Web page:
It's worth noting that you do need to have the camera connected to your network using an ethernet cable. It won't allow for wireless connectivity until the smartphone or PC app can communicate with the camera. Once you've got it connected through the app, your network credentials can be entered and saved, allowing you to remove the cable and install the camera thereafter.
As for installing the camera physically, it's just as easy as connecting it to the Reolink app. The company has made it incredibly straightforward to mount the camera to your desired location, as well as manipulate the angle at which the camera is facing. All that's require to swivel and rotate the camera is the included Allen key, which is used for a single screw on the base.
Once you've got it facing the right direction, simply tighten that same screw, and it'll be secured in place. The main backplate requires three screws and plugs to secure the RLC-511W to a wall or ceiling. An ethernet cable can be used, though it's recommended to only use this for the initial setup process.
When it comes to software, Reolink has another win here. Its offerings on both mobile and PC are excellent if you don't plan on using another system to manage all your recordings. The app's setup process is literally 1, 2, 3, as you can see from the above screenshots. The process takes about 30 seconds. Once you're in, there are plenty of options to play around with.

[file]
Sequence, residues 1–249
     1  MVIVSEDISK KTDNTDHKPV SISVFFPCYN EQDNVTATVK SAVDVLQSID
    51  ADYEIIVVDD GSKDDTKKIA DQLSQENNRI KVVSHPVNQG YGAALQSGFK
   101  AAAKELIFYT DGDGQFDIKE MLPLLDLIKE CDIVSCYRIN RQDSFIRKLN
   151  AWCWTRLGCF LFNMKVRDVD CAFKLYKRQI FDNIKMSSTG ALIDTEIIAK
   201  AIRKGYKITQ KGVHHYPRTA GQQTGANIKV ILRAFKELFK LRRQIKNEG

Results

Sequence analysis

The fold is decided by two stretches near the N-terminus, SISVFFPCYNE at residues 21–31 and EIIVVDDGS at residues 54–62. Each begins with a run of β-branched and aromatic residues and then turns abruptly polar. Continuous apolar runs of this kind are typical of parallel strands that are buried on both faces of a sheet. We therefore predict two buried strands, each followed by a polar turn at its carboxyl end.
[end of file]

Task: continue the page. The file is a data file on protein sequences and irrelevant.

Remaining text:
The video quality is excellent, particularly during the day. If you have the camera installed in a low-light setting, it'll not fare that well. That's largely down to the hardware used and is a limiting factor of the price tag. Still, those 24 IR LED lights I aforementioned are excellent at providing enough light for night vision use. A security camera should be good to go both during the day and night, and the RLC-511W scores big here.
If you would like to use a NAS or NVR, you can do so without issue. Most modern enclosures from Synology, QNAP, and ASUSTOR will work well with the RLC-511W, allowing you to add the camera to the respective surveillance software. So long as you have a free camera license to spare on the enclosure, you're good to go.
I rounded up some of the best NAS for home surveillance to help get you started. The installation process is largely the same between enclosure vendors. Many of them have helpful resources that help you get started in no time at all, even if you're unable to automatically locate and add the camera.
Reolink RLC-511W Things I didn't like
So, what didn't I like about the Reolink RLC-511W? It's difficult to pick apart home surveillance cameras these days since most of them rock good enough sensors for good quality recordings. Just look at how good even budget smartphones are these days. The RLC-511W is a great balance between functionality, video quality, and affordability.
Still, there are areas Reolink could improve things. Firstly, the entire process of moving the parts that should move but don't upon unboxing is startling at first. It's important to use considerable force to move the main body and swivel the mount to get the right angle, but just make sure to loosen the correct screw beforehand.
It's not truly a wire-free camera since you will need to power the RLC-511W. Whether you achieve this through the AC adapter and use the antenna for Wi-Fi or ethernet cable for data is up to you, but it's something worth bearing in mind. There's no internal battery here, so if the power goes out, you're in the dark, quite literally.
The video quality is outstanding, so too is the 4x optical zoom and auto-focus. But the auto-focus can be found to be a little slow, especially when compared to other security cameras. It's not a deal-breaker but does take a few seconds to correctly focus on an object.